Halloween is almost upon us, and if you’ve been following our Tumblr, you know I’m pretty excited about that. Among the things I love about Halloween are candy, costumes, pumpkins, cute black cats, and creepy reading. Now generally speaking, I don’t like being scared. I avoid horror movies like the plague. I even avoid trailers for horror movies. But this time of year, I can usually deal with it a little and subject myself to a creepy read or two. There’s something compelling and engrossing about scary books, and this is the perfect time of year to cozy up with a pumpkin flavored something or a few handfuls of candy corn, and get a good case of the shivers. Here’s a few books you might check out to give yourself a scare!
Dracula by Bram Stoker – Just because it’s a classic doesn’t mean there isn’t a lot of spooky goodness in Dracula. From the early pages carefully describing the creepy atmosphere in Transylvania, to the horrifying description of Dracula himself (spoiler: vampires were not always attractive; Dracula has blood red eyes and hairy palms, among other things,) to the gore of finally killing a vampire, Dracula has plenty spine-chilling scenes to go with its well-deserved literary classic status. Bonus points for being able to tell people you’re reading a classic while you enjoy the horror monster goodness.
In the Shadow of Blackbirds by Cat Winters – One of last year’s Morris award (for best YA debut author) finalists, In the Shadow of Blackbirds was creepy enough that if it hadn’t been up for an award, I might not have read it. Lucky for me it was a Morris nominee! In the Shadow of Blackbirds was an engaging and exciting read, and although it definitely scared me, the creepiness is part of what made it so good. In the Shadow of Blackbirds is historical fiction with a strong paranormal element. Spiritualist photographers, ghosts, and a terrifying plague all come together to create a frightening, almost-real world, enhanced by real life black and white photos from around the fall of 1918 when the book is set.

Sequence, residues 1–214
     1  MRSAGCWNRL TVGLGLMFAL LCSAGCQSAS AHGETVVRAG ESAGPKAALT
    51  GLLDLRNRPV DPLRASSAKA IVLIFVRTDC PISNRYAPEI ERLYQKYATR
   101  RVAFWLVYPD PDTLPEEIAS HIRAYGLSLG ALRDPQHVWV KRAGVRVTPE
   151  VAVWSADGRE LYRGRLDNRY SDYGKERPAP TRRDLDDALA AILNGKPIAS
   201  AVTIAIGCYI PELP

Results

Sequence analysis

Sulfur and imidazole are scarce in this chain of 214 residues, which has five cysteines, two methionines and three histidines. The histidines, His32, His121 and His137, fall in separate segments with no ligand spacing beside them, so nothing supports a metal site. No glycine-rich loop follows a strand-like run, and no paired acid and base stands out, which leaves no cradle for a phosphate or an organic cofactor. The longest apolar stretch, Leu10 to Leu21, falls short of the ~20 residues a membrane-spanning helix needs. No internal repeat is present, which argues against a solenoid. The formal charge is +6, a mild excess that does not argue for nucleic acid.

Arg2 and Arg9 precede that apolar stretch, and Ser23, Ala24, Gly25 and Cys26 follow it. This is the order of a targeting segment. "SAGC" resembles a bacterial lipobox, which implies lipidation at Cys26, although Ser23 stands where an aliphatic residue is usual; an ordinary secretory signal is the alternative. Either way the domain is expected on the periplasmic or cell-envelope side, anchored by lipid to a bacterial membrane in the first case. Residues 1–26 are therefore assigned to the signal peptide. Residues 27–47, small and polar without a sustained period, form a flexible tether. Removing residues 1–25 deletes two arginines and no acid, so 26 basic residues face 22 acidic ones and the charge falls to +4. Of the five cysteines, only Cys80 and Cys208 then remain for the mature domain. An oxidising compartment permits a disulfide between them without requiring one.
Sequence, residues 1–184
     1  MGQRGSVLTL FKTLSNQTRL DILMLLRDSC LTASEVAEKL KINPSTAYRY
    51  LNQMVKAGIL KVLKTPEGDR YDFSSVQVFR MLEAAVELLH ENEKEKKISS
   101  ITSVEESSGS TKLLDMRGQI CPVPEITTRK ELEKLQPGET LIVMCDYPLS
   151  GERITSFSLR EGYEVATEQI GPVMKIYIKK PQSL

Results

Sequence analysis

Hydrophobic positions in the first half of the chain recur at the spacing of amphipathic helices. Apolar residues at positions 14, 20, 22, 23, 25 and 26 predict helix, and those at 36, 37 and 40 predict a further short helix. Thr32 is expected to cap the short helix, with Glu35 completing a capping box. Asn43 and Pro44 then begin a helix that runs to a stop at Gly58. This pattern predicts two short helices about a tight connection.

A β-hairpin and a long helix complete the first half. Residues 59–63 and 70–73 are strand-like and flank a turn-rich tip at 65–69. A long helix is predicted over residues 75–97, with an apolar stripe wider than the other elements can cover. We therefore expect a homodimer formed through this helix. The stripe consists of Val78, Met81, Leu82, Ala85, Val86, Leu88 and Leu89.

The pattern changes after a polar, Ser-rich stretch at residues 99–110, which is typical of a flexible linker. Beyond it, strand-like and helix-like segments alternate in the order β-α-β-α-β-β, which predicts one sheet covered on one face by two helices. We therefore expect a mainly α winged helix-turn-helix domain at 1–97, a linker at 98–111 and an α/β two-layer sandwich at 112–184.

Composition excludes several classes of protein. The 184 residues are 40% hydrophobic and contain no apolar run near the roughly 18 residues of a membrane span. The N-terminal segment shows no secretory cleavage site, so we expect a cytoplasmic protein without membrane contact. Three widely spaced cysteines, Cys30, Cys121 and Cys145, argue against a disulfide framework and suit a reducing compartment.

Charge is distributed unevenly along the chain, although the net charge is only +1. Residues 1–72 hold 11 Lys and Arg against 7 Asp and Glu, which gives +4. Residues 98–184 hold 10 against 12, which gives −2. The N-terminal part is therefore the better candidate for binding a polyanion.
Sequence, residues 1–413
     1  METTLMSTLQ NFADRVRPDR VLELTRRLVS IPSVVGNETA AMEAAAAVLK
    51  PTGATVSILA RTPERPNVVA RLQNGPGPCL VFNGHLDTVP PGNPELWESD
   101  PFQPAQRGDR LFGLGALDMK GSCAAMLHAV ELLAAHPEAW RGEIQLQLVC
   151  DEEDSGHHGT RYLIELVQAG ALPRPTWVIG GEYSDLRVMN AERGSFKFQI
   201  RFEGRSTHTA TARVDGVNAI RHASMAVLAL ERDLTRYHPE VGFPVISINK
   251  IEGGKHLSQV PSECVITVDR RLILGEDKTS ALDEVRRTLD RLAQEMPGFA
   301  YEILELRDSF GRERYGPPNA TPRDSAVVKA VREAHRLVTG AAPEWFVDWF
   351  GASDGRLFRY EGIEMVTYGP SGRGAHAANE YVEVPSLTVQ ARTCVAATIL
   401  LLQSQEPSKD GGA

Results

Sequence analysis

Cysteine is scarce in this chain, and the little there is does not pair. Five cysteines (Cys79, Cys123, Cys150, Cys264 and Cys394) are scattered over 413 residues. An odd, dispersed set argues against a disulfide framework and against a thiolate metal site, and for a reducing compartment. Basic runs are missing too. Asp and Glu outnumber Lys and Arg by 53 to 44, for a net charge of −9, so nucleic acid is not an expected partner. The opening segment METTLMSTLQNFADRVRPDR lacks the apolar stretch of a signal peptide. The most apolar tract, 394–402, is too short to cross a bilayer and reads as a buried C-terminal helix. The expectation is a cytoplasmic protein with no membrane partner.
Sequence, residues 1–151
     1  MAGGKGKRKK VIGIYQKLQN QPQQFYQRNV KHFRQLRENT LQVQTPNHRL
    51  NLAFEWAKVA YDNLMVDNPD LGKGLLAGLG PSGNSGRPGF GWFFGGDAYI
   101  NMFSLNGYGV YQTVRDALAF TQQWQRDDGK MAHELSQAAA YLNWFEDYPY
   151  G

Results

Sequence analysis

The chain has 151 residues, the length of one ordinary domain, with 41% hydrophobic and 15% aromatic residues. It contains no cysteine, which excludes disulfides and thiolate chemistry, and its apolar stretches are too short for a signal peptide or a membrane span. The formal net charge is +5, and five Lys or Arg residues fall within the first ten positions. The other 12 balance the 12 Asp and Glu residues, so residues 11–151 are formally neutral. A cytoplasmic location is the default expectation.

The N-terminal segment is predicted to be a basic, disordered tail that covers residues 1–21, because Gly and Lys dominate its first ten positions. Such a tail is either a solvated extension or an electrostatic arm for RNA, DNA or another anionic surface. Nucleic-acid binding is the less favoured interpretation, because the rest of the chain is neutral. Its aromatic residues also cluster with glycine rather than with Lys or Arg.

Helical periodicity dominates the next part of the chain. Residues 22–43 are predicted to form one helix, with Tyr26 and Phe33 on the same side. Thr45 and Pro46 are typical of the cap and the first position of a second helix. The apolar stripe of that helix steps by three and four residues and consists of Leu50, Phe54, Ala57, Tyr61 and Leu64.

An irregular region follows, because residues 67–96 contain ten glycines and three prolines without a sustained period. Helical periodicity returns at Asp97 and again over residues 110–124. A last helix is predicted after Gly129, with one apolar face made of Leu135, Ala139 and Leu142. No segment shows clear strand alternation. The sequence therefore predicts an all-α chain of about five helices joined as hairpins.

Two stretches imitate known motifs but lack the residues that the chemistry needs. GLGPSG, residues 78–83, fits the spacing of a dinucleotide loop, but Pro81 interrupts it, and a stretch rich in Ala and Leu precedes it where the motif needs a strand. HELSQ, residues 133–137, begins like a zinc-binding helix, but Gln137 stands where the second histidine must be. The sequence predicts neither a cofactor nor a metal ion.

Coraline by Neil Gaiman – Yes, Coraline is aimed at kids, but that didn’t stop it from scaring the pants off me the first time I read it. I cannot overstate how eerie the other house and other mother and other world presented in Coraline are. The fear of everything we know and love somehow becoming wrong is something I think anyone can understand and sympathize with, and Coraline plays on those fears. And some images from Coraline I will never forget – buttons will never be the same for me, and sometimes I’m still kept awake at night by the thought of a sinister hand stalking me.
Scowler by Daniel Kraus – Main character Ry’s father has been in prison for the last eight years, but in Scowler, Ry is faced with the possibility of a monster returning – or being created. I’ll admit: this one I haven’t read, because I’m just too darned scared of how terrifying it will be. The audio version won an award, because apparently the narration intensifies the already intensely scary text. Reading about the audio version was when I decided that I just couldn’t do this book. But if you find real-world monsters to be scarier than made up ones, and psychological thrillers to be creepier than vampire attacks, then Scowler just might be the perfect frightening read for you this Halloween.